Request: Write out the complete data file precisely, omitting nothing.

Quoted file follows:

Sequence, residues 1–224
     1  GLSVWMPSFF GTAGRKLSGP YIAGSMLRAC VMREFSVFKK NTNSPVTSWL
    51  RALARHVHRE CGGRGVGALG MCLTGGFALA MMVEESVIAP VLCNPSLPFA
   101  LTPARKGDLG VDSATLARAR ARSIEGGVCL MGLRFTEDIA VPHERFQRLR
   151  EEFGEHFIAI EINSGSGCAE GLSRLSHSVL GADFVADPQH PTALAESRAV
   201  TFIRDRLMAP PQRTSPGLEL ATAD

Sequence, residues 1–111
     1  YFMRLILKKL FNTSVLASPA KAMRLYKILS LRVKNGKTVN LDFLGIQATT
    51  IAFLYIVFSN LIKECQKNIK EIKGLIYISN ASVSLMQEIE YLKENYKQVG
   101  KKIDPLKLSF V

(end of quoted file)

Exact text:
Sequence, residues 1–224
     1  GLSVWMPSFF GTAGRKLSGP YIAGSMLRAC VMREFSVFKK NTNSPVTSWL
    51  RALARHVHRE CGGRGVGALG MCLTGGFALA MMVEESVIAP VLCNPSLPFA
   101  LTPARKGDLG VDSATLARAR ARSIEGGVCL MGLRFTEDIA VPHERFQRLR
   151  EEFGEHFIAI EINSGSGCAE GLSRLSHSVL GADFVADPQH PTALAESRAV
   201  TFIRDRLMAP PQRTSPGLEL ATAD

Sequence, residues 1–111
     1  YFMRLILKKL FNTSVLASPA KAMRLYKILS LRVKNGKTVN LDFLGIQATT
    51  IAFLYIVFSN LIKECQKNIK EIKGLIYISN ASVSLMQEIE YLKENYKQVG
   101  KKIDPLKLSF V